13+ Family-Friendly Road Trips from Montreal (2023)
Need some family-friendly road trip ideas from Montreal? Here is a list of places to visit near Montreal, and short road trip ideas from Montreal, suitable for the entire family to enjoy.
For the road trip ideas presented on this list, each suggestion links to a separate article which provides some tips on how to prepare your family for the experience, as well as information relating to nearby accommodations. For dog owners, the articles also contain useful information regarding pet accessibility.
Activity: Seal Watching at Parc National du Bic
Distance: Approx 5 1/2 hours from Montreal
Parc National du Bic is perfect for families interested in nature, camping, and wildlife, as well as families who have an appreciation for scenic views and natural landscapes. Young kids in particular will enjoy walking around, investigating, and playing on the park's sandy shores.
Located in the St. Lawrence Estuary, Parc national du Bic proudly showcases the capes, bays, coves, islands, and mountains which has made it a popular destination. Its breathtaking sunsets are considered to be one of the world's finest.
In the summer and early fall, seal watching is one of the park’s major attractions. The harbour seal, also the park’s animal emblem, stays in the estuary year-round, while the grey seal arrives in about mid-July. The opportunity to watch the seals from the shore makes the experience accessible to everyone.
Photo: Jean-Pierre Sylvestre
Activity: Experience the magic of Forest Lumina
Region: Eastern Townships
Distance: Approx 2 hours from Montreal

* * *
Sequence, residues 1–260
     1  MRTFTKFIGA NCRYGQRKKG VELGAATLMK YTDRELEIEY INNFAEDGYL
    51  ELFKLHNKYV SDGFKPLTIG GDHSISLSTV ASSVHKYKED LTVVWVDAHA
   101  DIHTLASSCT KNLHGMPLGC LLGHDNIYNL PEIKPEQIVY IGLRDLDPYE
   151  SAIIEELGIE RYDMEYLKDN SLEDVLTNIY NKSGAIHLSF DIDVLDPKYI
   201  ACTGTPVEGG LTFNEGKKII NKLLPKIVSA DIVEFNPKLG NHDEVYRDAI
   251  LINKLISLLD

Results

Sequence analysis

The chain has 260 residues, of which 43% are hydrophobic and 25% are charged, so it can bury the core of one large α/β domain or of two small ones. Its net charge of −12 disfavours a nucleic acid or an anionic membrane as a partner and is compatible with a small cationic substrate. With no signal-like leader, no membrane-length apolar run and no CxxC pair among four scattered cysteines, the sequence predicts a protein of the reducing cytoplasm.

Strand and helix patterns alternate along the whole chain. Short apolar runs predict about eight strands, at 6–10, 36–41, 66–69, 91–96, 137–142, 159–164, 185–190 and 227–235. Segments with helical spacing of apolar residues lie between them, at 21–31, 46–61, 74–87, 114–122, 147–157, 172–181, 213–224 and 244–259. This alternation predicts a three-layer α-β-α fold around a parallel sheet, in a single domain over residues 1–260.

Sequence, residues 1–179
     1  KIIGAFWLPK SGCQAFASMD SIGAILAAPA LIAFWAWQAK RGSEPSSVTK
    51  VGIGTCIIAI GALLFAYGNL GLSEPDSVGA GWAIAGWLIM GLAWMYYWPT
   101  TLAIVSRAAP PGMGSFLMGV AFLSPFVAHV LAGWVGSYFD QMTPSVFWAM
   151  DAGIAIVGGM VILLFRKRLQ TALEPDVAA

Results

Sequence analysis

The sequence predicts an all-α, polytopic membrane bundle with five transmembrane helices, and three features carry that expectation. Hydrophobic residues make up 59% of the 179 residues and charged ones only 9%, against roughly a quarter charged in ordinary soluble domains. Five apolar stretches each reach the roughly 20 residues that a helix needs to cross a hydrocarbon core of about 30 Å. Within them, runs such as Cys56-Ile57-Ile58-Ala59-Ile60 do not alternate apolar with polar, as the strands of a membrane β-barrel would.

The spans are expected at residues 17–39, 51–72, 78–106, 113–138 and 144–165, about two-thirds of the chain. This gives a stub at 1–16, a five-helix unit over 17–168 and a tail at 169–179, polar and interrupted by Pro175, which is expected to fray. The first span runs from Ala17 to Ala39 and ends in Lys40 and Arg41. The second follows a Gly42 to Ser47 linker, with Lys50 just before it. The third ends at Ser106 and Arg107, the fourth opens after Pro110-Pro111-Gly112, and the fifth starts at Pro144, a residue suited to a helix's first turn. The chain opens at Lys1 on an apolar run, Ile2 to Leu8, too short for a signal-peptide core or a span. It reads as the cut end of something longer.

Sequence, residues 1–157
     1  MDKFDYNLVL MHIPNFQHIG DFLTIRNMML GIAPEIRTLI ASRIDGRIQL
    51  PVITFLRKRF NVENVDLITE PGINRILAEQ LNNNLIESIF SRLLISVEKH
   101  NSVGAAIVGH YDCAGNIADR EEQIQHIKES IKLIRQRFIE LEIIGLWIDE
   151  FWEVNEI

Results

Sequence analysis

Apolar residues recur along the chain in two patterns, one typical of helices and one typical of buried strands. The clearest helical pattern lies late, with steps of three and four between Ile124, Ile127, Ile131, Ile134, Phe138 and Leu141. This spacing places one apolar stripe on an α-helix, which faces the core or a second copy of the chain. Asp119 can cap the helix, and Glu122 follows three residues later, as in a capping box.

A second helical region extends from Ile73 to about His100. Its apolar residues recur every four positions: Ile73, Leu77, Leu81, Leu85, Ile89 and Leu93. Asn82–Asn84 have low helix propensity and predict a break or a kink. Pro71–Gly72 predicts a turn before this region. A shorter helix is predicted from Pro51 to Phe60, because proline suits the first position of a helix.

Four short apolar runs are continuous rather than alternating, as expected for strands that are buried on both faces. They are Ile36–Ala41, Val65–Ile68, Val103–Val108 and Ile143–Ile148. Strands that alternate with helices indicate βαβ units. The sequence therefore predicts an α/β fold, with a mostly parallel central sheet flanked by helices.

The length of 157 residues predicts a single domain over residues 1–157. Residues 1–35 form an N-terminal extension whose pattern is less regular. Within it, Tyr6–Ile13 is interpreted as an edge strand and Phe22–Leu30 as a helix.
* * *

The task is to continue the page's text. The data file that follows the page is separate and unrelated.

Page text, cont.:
Forest Lumina is perfect for families interested in nature and the outdoors, as well as families who have an appreciation for mythological beings and magical settings.
Foresta Lumina is a multimedia nighttime experience along Coaticook’s Canyon. Seven beautiful manuscripts introduce the cast of fictional characters presented through sophisticated lighting, mapped media and original sound tracks. Foresta Lumina invites you in a variety of theatrical effects that create a moody but magical setting. Visitors enter an imaginary heritage of the region and capture the mythology of the Quebec forest.
Photo: Forest Lumina
At the Pointe-au-Père Maritime Historic Site, visitors can board Canada's first publicly accessible submarine - the Onondaga - and discover the daily lives of the 70 men who lived for months at a time in this 90-metre (300-foot) submarine.
Visitors are also given the opportunity to dive into the story of the Empress of Ireland through a four zone multisensory experience. The Pointe-au-Père Lighthouse, the second tallest lighthouse in Canada, is also located at the site and visitors can enjoy the panoramic view from the top.